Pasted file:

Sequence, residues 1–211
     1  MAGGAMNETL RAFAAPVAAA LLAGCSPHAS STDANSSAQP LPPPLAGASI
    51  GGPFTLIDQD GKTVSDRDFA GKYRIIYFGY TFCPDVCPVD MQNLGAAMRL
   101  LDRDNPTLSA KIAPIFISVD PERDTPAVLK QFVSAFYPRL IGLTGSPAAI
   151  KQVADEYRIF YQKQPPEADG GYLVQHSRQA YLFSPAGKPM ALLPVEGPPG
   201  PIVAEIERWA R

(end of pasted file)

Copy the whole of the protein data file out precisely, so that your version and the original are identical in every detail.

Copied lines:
Sequence, residues 1–211
     1  MAGGAMNETL RAFAAPVAAA LLAGCSPHAS STDANSSAQP LPPPLAGASI
    51  GGPFTLIDQD GKTVSDRDFA GKYRIIYFGY TFCPDVCPVD MQNLGAAMRL
   101  LDRDNPTLSA KIAPIFISVD PERDTPAVLK QFVSAFYPRL IGLTGSPAAI
   151  KQVADEYRIF YQKQPPEADG GYLVQHSRQA YLFSPAGKPM ALLPVEGPPG
   201  PIVAEIERWA R